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Santos shines in teaching position

TUES. | 11-22-22 | FEATURES

     You are making your way down the English hall and a woman standing in the doorway of room 313 greets you, even though you have never met her before. That unknown person would be English teacher Alessandra Nysether-Santos. 

     Nysether-Santos is known for greeting every student she can catch whether she knows them or not, as this is something she has done since her internship. Nysether-Santos knows it can seem extra at times, however there is a very specific reason she does this.


Photo by Hunter Pope

      “There are so many days that you might go through your life where not a single person looks at you,...talks to you or even notices that you are a real, living human,” Nysether-Santos said. “The small act of just being like ‘Hey, how are you?’ gives people a sense of belonging.”

     Although Nysether-Santos has a great passion for teaching, she did not always want to be a teacher.

     “It was actually something that people always told me like ‘Oh my goodness you should be a teacher’ and I was very against it growing up,” Nysether-Santos said. “Especially back then as a student in public education systems, I had some real beef with education, like the way it can be very exclusionary and not always accessible for the students it's supposed to serve.”

     College is where Nysether-Santos realized teaching was her path.

     “It hit me like a freight train when I was in college, I was like ‘Oh this is why I need to be a teacher,” Nysether-Santos said. “These issues that I have with the educational systems and my lived experience as somebody dealing with the adversity in those systems allowed me to see it from a perspective of ‘I can fix this’.”

     That is not to say that Nysether-Santos has not experienced her fair share of challenges.

     “There are so many challenges to being a teacher, but right now a big challenge is balancing everything with the limitations of time and energy,” Nysether-Santos said. “Meeting my students’ needs, but also taking care of myself is important so we don’t burn eachother out.”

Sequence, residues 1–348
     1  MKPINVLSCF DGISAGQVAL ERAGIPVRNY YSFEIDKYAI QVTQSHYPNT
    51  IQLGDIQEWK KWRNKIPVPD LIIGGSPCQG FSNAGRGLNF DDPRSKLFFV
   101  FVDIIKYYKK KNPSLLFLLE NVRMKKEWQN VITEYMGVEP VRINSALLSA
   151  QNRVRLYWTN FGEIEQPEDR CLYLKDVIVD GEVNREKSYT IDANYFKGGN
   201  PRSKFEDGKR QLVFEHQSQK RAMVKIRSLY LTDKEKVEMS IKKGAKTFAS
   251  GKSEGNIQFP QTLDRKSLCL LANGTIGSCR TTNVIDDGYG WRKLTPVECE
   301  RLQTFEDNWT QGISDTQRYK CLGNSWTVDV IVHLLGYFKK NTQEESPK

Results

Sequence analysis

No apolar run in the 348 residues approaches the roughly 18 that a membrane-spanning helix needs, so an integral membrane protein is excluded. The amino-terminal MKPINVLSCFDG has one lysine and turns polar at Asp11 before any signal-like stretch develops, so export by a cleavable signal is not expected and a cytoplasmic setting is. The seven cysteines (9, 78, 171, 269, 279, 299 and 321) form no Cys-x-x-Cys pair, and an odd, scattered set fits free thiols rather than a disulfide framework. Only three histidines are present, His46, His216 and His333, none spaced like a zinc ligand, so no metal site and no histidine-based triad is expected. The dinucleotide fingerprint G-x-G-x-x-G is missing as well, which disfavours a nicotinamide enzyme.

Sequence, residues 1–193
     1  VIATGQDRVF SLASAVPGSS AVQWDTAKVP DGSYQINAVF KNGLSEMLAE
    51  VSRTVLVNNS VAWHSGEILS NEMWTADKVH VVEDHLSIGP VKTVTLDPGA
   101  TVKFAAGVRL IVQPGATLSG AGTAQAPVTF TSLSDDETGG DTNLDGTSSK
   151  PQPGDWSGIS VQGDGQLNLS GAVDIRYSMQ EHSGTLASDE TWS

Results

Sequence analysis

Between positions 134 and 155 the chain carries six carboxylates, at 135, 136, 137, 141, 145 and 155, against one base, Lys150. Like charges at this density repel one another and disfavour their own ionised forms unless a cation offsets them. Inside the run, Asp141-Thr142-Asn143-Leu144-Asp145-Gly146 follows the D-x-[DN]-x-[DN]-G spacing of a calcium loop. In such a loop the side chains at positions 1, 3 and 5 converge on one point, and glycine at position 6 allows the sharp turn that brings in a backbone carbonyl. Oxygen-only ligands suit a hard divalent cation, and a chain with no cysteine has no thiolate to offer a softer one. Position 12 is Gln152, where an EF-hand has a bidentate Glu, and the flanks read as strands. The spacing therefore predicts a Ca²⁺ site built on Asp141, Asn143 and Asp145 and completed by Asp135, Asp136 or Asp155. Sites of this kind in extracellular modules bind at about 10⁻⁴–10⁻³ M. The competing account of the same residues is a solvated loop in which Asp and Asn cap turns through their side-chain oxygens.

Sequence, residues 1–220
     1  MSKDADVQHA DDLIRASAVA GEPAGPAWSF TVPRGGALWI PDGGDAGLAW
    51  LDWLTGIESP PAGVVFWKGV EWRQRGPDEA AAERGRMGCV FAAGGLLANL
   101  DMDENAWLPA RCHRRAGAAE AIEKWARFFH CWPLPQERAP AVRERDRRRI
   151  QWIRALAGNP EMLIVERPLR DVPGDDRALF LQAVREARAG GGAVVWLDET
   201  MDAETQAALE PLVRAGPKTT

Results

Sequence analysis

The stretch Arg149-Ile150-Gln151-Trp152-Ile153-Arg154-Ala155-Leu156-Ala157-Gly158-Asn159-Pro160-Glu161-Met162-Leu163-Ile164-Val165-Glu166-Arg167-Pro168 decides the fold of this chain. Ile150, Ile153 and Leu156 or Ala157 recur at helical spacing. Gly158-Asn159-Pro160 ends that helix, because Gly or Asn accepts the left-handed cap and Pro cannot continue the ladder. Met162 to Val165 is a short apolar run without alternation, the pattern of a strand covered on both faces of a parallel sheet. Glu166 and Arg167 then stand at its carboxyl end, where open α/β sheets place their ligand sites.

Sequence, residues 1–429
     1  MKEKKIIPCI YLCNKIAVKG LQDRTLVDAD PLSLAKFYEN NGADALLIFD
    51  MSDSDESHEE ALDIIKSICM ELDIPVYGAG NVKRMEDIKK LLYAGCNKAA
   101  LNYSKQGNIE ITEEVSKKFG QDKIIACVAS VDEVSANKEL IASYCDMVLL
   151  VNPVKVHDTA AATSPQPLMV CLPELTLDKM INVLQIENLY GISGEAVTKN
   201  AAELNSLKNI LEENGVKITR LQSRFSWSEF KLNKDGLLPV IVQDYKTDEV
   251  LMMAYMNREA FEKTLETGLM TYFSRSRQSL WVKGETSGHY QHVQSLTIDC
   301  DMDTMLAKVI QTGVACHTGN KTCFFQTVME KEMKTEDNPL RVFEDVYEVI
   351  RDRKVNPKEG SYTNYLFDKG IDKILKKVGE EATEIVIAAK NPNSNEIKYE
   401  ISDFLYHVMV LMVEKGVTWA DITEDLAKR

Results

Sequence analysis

Though there are challenges, there is nothing easier for Nysether-Santos than showing up for the students.

     “The easiest part is…being a trusted adult; I am somebody they can count on, rely on and trust, but I’m going to hold them to really high expectations and standards because I see the greatness in them,” Nysether-Santos said. “When someone is coming from a difficult situation, there may not be much you can do, but you can be there and if nothing else, one more kind person that they might not meet outside of this space.”

      Nysether-Santos takes a trauma informed approach when teaching because she believes that we navigate a lot of trauma in our lifetime.

     “I think that when we don’t approach education with an informed perspective of how trauma doesn’t just affect us as a population, but physiologically, mentally and developmentally,” Nysether-Santos. “We are not only doing our students a disservice, we are doing ourselves a disservice.”

      Nysether-Santos also takes this approach because she thinks it is vital to a student’s learning.

     “If I don’t respect the whole person, if I expect people to leave parts of themselves at the door, …that completely undermines the relationship that needs to take place for meaningful learning to happen,” Nysether-Santos said.

     In late October, all of Nysether-Santos’ strategies and passion paid off when she was announced JHR Teacher of the Year.

     “I was surprised..because I had just won Beginning Teacher of the Year two years before…which is for teachers who are within their first three years of teaching,” Nysether-Santos said. “So this being my fourth year, it is the first one not being a beginning teacher so it is like ‘Not only are you not a beginning teacher, you’re teacher of the year’.”

     Nysether-Santos assumes that a variety of characteristics are responsible for her win.

     “I have a lot of passion for teaching, and not just in the content area of teaching, although I love English language arts, I love literature and writing, specifically student centered writing,” Nysether-Santos. “If I had to guess why I won, I think it must be a combination of seeing the passion of working at the student level, seeing the passion of being a leader and I don’t know,…just good vibes.”

     Nysether-Santos strives to accomplish many things by being a teacher such as growth and building up her students.

      “I want to achieve empowering my students to be transformative thinkers and leaders because I have no doubt that my students are change-makers,” Nysether-Santos said.

      Nysether-Santos is not certain what her future will look like, but she is currently in the Teacher Leadership Institute to hopefully gain some direction.

     “I love the classroom and I would be really bummed to not be working with students on a daily basis,” Nysether-Santos said. “I want to keep growing,...but I’m not sure what that will look like in the classroom.”

      Nysether-Santos is extremely gracious to have won JHR Teacher of the Year and thanks the entire Rose community.

     Breathe in, breathe out. Nysether-Santos has this saying posted outside her classroom. She lives by this saying each day and believes it is crucial to the classroom and daily life.

     “Breathing in, breathing out, and coming back to myself,” Nysether-Santos said. “I want to come from a place of being responsive and reflective, not reactive and frustrated.”

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